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Photosynthetica

, Volume 40, Issue 1, pp 35–39 | Cite as

The Influence of Leaf Windows on the Utilization and Absorption of Radiant Energy in Seven Desert Succulents

  • K.J. Egbert
  • C.E. Martin
Article

Abstract

Four fluorescence parameters [Fv/Fm = the intrinsic efficiency of energy conversion via photosystem 2 (PS2); Fv′/Fm′= the efficiency of energy conversion via PS2 in the light; P = fraction of absorbed radiant energy utilized for photosynthesis; and D = fraction of absorbed radiant energy dissipated as heat] were measured on leaves of seven species of succulents having epidermal windows. While the function of leaf windows has reportedly been to increase absorption of radiant energy and, hence, the rate of photosynthesis in these species, recent evidence indicates that this translucent portion of epidermal tissue, lacking chlorophyll, may also result in photoinhibition in these species, especially for those with growth habits aboveground. Species with aboveground and belowground growth habits were compared with their leaf windows covered with reflective tape and with windows unobstructed. Results showed no increase in photoinhibition for these species resulting from the radiant energy penetrating the window tissue. Although the efficiency of the photosynthetic mechanism was not significantly influenced by the additional radiant energy provided by the window for individual species, there were significant differences in the efficiencies of radiant energy capture (Fv′/Fm′) and utilization (P) between the two growth habits. Species with an aboveground growth habit were less efficient in radiant energy utilization compared with the species having a belowground growth habit.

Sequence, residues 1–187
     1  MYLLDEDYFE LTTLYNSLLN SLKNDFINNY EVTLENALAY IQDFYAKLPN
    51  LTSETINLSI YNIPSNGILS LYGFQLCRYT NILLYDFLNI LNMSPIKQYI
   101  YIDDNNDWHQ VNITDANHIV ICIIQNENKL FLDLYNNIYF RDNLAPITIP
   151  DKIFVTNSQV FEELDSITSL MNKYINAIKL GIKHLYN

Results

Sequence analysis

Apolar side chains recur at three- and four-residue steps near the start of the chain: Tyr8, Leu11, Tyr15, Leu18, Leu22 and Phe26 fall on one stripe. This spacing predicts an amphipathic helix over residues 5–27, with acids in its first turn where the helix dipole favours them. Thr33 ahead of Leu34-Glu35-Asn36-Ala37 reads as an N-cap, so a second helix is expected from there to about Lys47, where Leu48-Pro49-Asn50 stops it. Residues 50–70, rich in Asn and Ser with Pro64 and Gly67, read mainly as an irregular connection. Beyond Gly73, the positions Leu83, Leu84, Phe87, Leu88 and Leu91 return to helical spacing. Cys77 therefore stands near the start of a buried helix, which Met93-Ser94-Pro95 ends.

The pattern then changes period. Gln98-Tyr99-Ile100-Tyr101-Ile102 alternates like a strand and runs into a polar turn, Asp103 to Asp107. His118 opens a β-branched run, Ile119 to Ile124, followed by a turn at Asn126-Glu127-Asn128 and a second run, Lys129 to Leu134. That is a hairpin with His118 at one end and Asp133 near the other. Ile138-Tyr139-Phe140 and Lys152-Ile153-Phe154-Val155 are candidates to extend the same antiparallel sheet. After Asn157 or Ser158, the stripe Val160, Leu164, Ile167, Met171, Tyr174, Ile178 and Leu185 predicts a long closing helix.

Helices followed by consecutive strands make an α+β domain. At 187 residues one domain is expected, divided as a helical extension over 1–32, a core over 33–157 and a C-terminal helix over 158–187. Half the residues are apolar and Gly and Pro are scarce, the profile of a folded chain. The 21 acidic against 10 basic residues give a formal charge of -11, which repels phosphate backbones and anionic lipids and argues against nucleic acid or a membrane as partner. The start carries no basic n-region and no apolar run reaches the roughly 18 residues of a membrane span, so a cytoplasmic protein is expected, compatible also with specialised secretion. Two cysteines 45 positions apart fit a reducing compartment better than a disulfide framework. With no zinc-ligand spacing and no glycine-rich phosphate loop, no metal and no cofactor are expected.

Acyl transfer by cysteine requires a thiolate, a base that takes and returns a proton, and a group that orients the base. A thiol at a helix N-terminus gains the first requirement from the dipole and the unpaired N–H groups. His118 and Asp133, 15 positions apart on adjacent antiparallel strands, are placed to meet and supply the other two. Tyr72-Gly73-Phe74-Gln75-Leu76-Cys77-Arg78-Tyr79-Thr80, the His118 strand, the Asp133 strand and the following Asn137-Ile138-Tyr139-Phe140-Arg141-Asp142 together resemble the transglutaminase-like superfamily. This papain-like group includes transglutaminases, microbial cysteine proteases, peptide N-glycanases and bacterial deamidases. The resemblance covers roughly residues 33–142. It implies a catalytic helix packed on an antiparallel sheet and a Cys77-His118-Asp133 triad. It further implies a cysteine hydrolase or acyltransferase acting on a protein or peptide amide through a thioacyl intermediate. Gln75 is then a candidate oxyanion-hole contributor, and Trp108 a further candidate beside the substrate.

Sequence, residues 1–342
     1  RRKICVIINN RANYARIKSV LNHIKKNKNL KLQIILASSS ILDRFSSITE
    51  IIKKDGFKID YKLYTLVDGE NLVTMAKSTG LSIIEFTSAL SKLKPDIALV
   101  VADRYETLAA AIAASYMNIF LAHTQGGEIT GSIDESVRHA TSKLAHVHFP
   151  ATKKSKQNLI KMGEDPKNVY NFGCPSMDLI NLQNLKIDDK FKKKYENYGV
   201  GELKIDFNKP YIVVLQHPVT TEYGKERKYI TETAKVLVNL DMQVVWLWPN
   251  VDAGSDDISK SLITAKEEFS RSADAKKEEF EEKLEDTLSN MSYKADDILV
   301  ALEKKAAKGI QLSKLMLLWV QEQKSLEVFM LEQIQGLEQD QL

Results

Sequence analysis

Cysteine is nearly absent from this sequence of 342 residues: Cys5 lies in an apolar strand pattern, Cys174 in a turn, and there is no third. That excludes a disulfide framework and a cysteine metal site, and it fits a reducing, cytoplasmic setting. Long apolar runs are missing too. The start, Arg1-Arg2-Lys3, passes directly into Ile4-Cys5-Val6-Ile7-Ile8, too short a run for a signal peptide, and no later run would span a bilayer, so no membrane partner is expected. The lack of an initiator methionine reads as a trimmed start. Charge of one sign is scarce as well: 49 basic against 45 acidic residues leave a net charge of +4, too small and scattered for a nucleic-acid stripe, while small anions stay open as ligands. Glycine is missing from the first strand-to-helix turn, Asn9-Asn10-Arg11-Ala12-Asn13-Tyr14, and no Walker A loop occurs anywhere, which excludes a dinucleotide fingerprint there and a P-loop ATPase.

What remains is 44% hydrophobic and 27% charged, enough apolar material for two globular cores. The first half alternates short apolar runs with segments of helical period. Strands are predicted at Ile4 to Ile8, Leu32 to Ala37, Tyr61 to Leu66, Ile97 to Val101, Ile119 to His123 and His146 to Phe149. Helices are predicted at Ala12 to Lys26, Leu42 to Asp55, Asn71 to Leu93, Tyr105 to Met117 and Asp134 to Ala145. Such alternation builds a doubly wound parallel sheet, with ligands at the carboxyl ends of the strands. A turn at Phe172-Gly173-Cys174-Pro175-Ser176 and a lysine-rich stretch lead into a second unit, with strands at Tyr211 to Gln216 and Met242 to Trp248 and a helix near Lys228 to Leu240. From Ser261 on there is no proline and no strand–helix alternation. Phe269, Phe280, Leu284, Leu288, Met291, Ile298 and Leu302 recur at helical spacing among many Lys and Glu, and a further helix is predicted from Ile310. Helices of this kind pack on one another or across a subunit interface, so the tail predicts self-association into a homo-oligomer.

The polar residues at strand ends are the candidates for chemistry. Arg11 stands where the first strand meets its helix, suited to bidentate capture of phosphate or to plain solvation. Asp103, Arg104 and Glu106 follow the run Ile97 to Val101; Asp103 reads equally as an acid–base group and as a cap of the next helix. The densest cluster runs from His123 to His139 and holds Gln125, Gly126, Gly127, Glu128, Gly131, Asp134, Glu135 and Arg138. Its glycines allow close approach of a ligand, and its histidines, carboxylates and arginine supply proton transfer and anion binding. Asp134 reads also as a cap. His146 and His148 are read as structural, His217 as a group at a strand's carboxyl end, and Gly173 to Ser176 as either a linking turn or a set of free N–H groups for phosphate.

chlorophyll fluorescence Haworthia truncata Lithops olivacea Opthalmophyllum longum Pepero dolabriformis Peperomia graveolens Peperomia pulchella photoinhibition photosynthesis Senecio rowleyanus 

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Copyright information

© Kluwer Academic Publishers 2002

Authors and Affiliations

  • K.J. Egbert
    • 1
  • C.E. Martin
    • 1
  1. 1.Department of Ecology and Evolutionary Biology, Program in Plant BiologyUniversity of KansasLawrenceUSA

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